Tag Archives: poetry

Birthday Thanks

I’ll be honest. In terms of actual birthdays, it hasn’t been the greatest ever—we drove all day yesterday and for half of today, and it’s always a big fat bummer to come home to the Christmas stuff, and all the mess of unpacking the car, getting ready to go back to work tomorrow, making sure we have food in the house, etc.

We are all super tired too.

But that’s just the way it had to be, you know? I’m not super anal about celebrating on the actual day. Robert and I had a great dinner with my siblings last Thursday, and will celebrate more this weekend. There are other little dinners and things planned with friends, and I suspect there will be some revelry still to come once Caroline and Robert get home from the grocery store and vague “errands.” But still—kind of a blah day. A day in transit and transition.

So I appreciated today’s offering from the Writer’s Almanac. Inspired by that poem, as well as my life (which is pretty darn awesome when I take a step back)… I give you “Birthday Thanks.”

To the newly knitted mittens,
made with a little of this and that
over late-night vacation conversations.

Praise the cold that received us
as we drove north, and to
the bushel of red navel oranges in the trunk
to make that cold more bearable.

Praise the homecoming, like walking into a museum of our life,
everything untouched.

Praise the dot matrix paper, unfurled,
with H A P P Y B I R T H D A Y scrawled across it, praise the
barefoot six year old, now coloring between each letter.

Praise the cardboard box
which has become a ramp for the Matchbox cars.

Praise the tuning fork
which became the most beloved gift
for the eight year old who always whistles.

Praise the speakers in the kitchen
playing all the right music
while the boxes get flattened and the Monopoly put away.

Praise the counter, crammed with groceries:
bananas that will be perfectly yellow by morning,
and sliced bread in all its preparedness,
ready for tomorrow’s lunchbox assembly line
even if I am not.

Advent: Waiting

I wrote this six years ago when I was pregnant with Margaret.

talk to me about the waiting…

mostly I crouch, head bowed, eyes closed
against the soft black, safe in liquid suspense.
but even in the nothing there are constant somethings:
a fluid symphony, simmering, rolling, rushing past;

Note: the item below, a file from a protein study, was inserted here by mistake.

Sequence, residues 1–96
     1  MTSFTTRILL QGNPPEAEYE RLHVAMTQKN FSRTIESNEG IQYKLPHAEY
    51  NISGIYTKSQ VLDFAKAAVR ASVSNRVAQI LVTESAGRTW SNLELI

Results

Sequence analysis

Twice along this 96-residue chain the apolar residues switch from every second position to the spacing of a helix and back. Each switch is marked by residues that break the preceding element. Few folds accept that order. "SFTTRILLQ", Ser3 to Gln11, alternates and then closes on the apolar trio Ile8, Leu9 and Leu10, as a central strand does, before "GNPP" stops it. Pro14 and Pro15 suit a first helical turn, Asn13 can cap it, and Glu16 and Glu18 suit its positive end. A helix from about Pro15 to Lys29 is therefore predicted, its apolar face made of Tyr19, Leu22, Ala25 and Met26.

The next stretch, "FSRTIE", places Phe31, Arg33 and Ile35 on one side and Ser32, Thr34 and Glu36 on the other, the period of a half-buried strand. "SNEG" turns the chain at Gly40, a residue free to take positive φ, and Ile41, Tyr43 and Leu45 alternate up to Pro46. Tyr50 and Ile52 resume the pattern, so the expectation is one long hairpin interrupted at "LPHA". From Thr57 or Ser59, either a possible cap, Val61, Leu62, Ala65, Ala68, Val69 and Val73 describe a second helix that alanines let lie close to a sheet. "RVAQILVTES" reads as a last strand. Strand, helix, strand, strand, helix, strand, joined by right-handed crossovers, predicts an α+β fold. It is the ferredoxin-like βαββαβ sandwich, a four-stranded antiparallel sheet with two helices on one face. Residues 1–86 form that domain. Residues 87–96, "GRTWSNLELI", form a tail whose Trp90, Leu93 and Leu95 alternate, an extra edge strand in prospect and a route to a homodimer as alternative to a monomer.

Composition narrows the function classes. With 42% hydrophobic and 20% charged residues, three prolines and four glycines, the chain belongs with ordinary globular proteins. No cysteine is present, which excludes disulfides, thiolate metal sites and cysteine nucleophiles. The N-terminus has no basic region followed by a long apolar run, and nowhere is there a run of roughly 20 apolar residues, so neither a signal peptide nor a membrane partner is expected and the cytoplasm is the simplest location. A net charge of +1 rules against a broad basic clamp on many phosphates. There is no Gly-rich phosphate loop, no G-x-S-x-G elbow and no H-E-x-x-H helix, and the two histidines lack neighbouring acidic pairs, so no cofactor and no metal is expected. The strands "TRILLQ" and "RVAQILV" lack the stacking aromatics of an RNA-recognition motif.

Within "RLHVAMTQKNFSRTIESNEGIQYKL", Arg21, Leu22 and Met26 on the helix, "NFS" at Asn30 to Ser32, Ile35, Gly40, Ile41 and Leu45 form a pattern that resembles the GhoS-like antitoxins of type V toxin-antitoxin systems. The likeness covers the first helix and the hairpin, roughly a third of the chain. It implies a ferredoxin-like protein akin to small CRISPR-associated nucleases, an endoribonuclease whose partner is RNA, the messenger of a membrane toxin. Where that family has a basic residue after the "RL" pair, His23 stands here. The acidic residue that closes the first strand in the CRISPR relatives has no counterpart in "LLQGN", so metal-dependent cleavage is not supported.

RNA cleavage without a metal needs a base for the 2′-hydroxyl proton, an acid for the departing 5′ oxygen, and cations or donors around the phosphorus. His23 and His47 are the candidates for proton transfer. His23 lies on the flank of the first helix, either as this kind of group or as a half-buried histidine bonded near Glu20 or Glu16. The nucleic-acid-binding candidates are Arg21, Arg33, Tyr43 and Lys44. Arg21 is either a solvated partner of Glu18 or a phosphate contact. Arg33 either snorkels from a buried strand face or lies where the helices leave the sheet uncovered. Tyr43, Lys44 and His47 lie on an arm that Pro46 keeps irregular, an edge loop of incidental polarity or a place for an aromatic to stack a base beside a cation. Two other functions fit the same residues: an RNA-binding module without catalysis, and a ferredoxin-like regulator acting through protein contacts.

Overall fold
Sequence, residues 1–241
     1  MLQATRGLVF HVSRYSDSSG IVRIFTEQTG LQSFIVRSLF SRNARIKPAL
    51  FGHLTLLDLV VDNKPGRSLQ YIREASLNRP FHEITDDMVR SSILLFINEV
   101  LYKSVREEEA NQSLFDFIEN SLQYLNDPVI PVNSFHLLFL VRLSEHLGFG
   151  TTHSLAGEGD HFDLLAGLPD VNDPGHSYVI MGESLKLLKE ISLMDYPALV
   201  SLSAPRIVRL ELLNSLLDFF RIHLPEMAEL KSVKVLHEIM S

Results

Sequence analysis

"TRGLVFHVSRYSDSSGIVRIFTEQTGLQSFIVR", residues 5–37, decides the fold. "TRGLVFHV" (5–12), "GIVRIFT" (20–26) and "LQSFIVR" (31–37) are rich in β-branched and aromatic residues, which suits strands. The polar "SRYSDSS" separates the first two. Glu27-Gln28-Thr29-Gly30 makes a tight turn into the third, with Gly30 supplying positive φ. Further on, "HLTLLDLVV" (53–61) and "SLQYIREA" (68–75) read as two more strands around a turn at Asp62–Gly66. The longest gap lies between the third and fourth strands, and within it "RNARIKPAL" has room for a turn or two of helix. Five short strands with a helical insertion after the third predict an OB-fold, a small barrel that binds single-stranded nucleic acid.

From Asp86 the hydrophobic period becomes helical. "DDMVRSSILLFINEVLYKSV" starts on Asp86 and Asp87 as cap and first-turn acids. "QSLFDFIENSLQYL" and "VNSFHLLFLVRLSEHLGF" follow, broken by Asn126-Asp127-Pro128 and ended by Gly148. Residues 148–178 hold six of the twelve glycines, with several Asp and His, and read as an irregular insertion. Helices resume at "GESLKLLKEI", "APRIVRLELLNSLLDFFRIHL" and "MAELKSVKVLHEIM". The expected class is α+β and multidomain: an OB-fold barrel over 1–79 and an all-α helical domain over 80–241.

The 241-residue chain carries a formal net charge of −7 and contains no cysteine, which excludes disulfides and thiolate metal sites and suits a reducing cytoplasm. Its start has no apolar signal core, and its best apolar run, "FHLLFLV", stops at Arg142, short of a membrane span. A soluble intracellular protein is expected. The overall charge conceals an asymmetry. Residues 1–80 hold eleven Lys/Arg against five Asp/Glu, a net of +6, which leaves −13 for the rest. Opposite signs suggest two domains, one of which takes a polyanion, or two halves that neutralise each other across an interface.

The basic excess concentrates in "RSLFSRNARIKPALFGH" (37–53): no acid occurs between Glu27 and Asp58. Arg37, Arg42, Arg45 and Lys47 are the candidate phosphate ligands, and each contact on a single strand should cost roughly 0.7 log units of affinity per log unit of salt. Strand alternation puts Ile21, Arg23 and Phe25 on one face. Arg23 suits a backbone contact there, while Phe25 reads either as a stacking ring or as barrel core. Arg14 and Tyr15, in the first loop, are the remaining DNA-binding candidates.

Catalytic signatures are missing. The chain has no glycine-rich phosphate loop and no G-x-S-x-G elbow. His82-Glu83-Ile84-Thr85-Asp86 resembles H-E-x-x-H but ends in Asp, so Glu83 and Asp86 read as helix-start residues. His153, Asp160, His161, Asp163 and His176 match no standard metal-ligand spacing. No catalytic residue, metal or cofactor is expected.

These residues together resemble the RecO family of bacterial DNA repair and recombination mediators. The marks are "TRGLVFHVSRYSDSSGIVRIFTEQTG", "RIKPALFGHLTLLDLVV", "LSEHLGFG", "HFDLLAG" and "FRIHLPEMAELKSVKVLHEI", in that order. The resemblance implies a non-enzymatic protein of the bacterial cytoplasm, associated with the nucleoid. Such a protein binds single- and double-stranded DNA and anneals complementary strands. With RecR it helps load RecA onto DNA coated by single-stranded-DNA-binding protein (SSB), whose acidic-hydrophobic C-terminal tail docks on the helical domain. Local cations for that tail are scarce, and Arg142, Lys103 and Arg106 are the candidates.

a metronome beating out the time,
world without end—and a voice:
hushed murmur, burbling laugh,
distant yet irresistible.

and then, at certain times,
I am bathed in thirsty, throaty songs:
o come, o come,
long-expected one;
rejoice, rejoice,
prepare the way;
comfort, comfort,
alleluia, amen.
and these reverberations of hope
shake the cradle that holds me,
and I stretch the kinks out of kneeling legs,
raise my arms in praise,
then bow and wait, again,
for that time when we will sing
Joy!
To the World!
together.

“Autumn Daybreak”

By Edna St. Vincent Millay

Posted this week at the Englewood Review of Books. I love this poem, especially the last line. From my desk in the Blue Room, there’s a window that overlooks a large tree, and behind it, my neighbor’s house, which is where James goes during the day while I work. I love it in the winter because the leaves are gone and I can see him as he plays outside.

Cold wind of autumn, blowing loud
At dawn, a fortnight overdue,
Jostling the doors, and tearing through
My bedroom to rejoin the cloud,
I know—for I can hear the hiss
And scrape of leaves along the floor—
How may boughs, lashed bare by this,
Will rake the cluttered sky once more.

Tardy, and somewhat south of east,
The sun will rise at length, made known
More by the meagre light increased
Than by a disk in splendour shown;
When, having but to turn my head,
Through the stripped maple I shall see,
Bleak and remembered, patched with red,
The hill all summer hid from me.

The Pastor Leaves a Voice Mail

I took the weekend off from National Poetry Month, but here’s a quick one.

You want to talk to the person. It’s why you called,
to wade into their sorrow, gripping your tether.

But the poignant moment is when you call
and hear their voice,
their recorded voice, their before-voice,
before their dear one slumped to the floor,
before the doctor gave that head-tilt look.

It breaks your heart, they are so cheerful,
reciting that banal modern liturgy
on an unassuming Thursday.